Asia-Pacific Bond Risk Decreases, Credit-Default Swaps Show

The cost of insuring corporate and sovereign bonds against non-payment in the Asia-Pacific region fell, according to traders of credit-default swaps.

The Markit iTraxx Asia index of 40 investment-grade borrowers outside Japan dropped two basis points to 115 basis points as of 9:40 a.m. in Hong Kong, Royal Bank of Scotland Group Plc prices show. The gauge climbed 2.8 basis points in January, rising for a second consecutive month, according to data provider CMA.

The Markit iTraxx Australia index dropped three basis points to 119 as of 11:08 a.m. in Sydney, according to Westpac Banking Corp. prices. The benchmark is poised for its lowest close in three days, after declining for a fifth straight month in January, according to CMA, which is owned by McGraw-Hill Cos. and compiles prices quoted by dealers in the privately negotiated market.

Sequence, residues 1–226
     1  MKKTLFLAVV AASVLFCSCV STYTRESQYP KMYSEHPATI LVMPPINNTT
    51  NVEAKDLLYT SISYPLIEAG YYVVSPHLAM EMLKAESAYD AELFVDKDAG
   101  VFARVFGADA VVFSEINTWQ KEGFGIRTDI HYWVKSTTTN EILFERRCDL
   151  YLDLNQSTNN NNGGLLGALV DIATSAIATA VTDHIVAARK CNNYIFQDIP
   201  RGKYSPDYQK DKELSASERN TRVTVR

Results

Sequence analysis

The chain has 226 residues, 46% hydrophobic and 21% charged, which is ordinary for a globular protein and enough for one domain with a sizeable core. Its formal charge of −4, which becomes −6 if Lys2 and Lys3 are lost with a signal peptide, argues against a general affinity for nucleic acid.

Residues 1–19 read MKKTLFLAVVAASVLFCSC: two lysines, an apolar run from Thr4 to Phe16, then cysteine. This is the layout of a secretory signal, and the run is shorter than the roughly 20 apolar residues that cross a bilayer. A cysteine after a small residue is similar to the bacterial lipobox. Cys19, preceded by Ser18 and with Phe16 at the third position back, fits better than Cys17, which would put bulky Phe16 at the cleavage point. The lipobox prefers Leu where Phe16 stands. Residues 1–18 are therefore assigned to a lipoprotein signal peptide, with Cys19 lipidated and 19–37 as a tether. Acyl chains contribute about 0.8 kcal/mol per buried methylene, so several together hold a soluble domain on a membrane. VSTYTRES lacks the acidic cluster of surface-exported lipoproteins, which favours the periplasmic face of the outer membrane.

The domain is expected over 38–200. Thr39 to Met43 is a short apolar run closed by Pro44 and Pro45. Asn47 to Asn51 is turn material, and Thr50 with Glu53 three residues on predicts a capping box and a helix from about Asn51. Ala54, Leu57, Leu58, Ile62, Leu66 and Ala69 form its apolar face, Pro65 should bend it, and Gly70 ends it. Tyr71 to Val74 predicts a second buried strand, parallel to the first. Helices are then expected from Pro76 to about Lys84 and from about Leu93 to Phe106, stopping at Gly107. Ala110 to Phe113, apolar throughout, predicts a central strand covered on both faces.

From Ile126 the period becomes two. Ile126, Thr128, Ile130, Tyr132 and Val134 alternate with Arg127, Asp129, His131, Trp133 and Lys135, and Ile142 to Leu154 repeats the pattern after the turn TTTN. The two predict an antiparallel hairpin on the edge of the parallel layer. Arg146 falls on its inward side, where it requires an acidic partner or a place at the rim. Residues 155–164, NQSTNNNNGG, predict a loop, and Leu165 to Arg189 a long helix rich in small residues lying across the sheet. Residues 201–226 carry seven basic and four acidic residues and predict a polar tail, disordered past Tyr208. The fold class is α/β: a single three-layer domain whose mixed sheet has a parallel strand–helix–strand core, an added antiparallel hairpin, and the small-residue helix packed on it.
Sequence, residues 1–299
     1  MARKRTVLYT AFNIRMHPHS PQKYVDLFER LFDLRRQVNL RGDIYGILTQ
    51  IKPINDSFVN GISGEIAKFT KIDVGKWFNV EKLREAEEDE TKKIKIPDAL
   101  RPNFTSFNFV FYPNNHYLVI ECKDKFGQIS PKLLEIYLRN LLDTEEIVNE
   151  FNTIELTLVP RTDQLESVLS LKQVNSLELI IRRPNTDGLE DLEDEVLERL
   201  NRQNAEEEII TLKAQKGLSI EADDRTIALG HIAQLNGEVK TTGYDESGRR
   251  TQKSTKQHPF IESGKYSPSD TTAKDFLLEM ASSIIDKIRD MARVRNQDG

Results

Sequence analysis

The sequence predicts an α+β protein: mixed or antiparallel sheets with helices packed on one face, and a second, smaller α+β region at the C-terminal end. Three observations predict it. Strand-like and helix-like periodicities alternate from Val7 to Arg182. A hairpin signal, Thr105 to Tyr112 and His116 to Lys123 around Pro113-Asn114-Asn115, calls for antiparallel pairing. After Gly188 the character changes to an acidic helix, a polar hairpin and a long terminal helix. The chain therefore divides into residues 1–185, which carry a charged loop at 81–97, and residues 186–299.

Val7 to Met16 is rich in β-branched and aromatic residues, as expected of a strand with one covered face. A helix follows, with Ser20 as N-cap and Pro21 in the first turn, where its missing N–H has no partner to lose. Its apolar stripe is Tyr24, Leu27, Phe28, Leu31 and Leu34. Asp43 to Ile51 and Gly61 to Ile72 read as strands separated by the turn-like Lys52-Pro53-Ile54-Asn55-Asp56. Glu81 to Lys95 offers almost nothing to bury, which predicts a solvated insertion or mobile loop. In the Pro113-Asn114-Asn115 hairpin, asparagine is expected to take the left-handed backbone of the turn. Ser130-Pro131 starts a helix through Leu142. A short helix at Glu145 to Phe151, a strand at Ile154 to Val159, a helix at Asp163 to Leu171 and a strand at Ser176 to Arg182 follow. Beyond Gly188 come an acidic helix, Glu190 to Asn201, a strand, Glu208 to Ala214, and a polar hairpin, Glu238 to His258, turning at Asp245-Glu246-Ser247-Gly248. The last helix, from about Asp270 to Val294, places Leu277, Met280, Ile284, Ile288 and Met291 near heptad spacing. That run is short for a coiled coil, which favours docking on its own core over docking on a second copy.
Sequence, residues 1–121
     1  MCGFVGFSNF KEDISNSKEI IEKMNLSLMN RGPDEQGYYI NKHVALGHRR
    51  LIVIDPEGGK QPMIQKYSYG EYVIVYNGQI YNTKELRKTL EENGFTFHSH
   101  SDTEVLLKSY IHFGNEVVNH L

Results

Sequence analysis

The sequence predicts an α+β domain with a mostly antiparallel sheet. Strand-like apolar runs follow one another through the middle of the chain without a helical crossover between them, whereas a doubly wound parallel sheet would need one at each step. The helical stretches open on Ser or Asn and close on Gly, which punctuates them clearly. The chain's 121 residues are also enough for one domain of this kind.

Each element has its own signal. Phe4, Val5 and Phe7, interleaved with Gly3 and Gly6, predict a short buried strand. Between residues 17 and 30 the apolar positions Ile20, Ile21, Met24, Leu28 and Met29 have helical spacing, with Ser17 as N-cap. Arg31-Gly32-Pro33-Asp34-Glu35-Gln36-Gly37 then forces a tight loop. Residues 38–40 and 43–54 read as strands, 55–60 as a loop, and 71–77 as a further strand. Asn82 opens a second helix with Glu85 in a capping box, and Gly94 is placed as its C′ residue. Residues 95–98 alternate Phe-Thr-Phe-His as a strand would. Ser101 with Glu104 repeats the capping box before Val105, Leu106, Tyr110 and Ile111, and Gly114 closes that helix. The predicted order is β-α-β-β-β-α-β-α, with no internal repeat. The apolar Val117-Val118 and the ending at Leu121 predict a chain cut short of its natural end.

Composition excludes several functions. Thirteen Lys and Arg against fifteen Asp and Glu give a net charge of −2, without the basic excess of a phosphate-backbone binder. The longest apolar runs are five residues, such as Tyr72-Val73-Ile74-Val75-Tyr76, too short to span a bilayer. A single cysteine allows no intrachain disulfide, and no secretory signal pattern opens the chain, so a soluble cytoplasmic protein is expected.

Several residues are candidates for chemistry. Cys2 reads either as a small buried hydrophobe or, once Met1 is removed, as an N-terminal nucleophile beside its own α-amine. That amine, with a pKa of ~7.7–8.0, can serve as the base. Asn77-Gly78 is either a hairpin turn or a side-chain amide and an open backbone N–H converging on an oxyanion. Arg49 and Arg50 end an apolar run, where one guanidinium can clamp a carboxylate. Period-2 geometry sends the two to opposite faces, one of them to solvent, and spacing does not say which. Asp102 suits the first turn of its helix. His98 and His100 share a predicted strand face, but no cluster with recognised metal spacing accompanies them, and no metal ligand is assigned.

The Markit iTraxx Japan index fell one basis point to 134 as of 10:09 a.m. in Tokyo, according to Deutsche Bank AG prices. The measure is headed for its lowest level since August 2011, CMA prices show.

Credit-default swap indexes are benchmarks for insuring bonds against default and traders use them to speculate on credit quality. A drop signals improving perceptions of creditworthiness, while an increase suggests the opposite.

The swap contracts pay the buyer face value in exchange for the underlying securities if a borrower fails to meet its debt agreements.

To contact the reporter on this story: Jun Yang in Hong Kong at jyang180@bloomberg.net

To contact the editor responsible for this story: Shelley Smith at ssmith118@bloomberg.net

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